Right to information

Article 7 of the Constitution is about our fundamental rights.

Section 3 of that important article declares that “A Bhutanese citizen shall have the right to information”. By this provision, any citizen has the right – a fundamental right – to ask the government for any information. And the government must provide that information, whatever it may be. That is because the fundamental right of the citizen to government information, as granted by the Constitution, is unqualified. And it is unconditional. “A Bhutanese citizen shall have the right to information” – that’s all the Constitution says, simple and straightforward.

But what if a citizen applies for information and the government refuses to provide it? The Bhutanese, a newspaper, was denied some information that they had requested. The newspaper, or whoever filed the right to information application, was denied the right to information, a fundamental right.

Now what?

The journalist who filed the right to information application, and whose fundamental right was violated could take the matter to the courts in accordance with Article 7 Section 23 of the Constitution which states that, “All persons in Bhutan shall have the right to initiate appropriate proceedings in the Supreme Court or High Court for the enforcement of the rights conferred by this Article, subject to section 22 of this Article and procedures prescribed by law.”

That means that that journalist could seek judicial intervention to demand the information that was requested. In other words, the judiciary must ensure that that journalist’s fundamental right is not violated, and so must force the government to provide whatever information was requested.

But what about Section 22 of Article 7? What does that section say? It says that:

“Notwithstanding the rights conferred by this Constitution, nothing in this Article shall prevent the State from subjecting reasonable restrictions by law, when it concerns:

(a)     The interests of the sovereignty, security, unity and integrity of Bhutan;
(b)     The interests of peace, stability and well-being of the nation;
(c)     The interests of friendly relations with foreign States;
(d)     Incitement to an offense on the grounds of race, sex, language, religion or region;
(e)     The disclosure of information received in regard to the affairs of the State or in discharge of official duties; or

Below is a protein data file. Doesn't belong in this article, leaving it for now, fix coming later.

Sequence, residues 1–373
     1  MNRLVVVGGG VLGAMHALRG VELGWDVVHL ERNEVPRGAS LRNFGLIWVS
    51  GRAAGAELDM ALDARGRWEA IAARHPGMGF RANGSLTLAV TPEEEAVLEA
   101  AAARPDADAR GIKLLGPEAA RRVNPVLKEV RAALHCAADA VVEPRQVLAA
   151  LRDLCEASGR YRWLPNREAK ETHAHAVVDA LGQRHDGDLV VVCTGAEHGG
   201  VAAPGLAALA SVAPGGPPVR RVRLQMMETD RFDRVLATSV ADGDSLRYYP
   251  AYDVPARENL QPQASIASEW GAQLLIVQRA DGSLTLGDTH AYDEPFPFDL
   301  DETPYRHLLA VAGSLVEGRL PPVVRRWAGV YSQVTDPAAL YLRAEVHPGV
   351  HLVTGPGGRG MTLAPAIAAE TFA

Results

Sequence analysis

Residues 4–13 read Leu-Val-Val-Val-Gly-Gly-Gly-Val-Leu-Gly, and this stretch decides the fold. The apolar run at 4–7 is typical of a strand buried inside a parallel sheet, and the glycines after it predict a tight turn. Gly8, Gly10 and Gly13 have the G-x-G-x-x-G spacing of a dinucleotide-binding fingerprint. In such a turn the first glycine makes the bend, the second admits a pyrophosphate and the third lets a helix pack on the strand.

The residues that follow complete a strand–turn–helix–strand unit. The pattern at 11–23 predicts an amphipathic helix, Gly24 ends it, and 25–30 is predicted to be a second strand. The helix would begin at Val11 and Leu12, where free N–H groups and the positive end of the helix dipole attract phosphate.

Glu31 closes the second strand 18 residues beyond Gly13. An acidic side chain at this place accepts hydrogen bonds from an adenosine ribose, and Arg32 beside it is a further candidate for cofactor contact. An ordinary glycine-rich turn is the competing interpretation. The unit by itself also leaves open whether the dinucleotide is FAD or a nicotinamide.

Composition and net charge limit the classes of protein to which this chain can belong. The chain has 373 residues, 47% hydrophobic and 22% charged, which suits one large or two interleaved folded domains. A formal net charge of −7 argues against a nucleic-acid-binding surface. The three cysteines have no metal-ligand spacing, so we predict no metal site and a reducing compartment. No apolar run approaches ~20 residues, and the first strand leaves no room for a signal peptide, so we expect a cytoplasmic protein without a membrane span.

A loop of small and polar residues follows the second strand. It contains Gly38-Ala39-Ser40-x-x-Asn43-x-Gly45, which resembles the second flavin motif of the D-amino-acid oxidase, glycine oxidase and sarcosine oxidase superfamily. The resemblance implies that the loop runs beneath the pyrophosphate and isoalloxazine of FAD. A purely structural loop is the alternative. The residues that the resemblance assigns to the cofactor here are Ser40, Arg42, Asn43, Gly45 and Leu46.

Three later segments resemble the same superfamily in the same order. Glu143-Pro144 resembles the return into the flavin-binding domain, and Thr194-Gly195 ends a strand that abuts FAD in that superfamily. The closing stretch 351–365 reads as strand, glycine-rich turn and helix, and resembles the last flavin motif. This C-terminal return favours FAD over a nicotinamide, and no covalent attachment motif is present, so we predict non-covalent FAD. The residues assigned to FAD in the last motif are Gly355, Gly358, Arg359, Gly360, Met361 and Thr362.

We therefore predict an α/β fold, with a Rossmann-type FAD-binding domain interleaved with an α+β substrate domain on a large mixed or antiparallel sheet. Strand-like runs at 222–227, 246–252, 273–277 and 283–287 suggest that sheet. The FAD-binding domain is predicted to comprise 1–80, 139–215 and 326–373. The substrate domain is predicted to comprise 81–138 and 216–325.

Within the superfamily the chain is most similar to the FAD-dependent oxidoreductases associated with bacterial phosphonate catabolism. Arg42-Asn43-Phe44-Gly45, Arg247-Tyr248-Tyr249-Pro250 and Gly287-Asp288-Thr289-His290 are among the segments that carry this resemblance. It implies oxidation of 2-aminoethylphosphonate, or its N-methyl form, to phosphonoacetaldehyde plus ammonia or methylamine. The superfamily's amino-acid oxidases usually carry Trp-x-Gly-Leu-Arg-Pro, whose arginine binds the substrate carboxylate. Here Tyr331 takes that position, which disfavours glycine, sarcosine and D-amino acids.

(f)     The rights and freedom of others”

The Constitution allows the State to subject certain restrictions, within reason, on our fundamental rights. So if the information that that journalist had requested is a state secret, or risks undermining some national interest, that journalist cannot demand that information as a fundamental right. But such restrictions on our fundamental rights can only be made and applied “by law”. And in the case of our fundamental right to information, that law would be the right to information act.

But we don’t have a right to information act. Therefore, that journalist must be provided with whatever information was requested, even if that information is, in the unlikely event, against the national interest.

The prime minister had promised a right to information act. He’s done a U-turn now. He’s now said that a right to information act is not needed at the moment. He should reconsider.

The Constitution guarantees us with the right to information. So we, the citizens at large, and the media in particular, do not need any further legislation to enjoy that fundamental right.

In fact, it is the government that needs a right to information act. The act would protect the government. The act would identify and define the nature and scope of important and sensitive information that cannot be made public in the broader interests of the nation. And the act would permit the government to apply legal restrictions to safeguard and protect such information.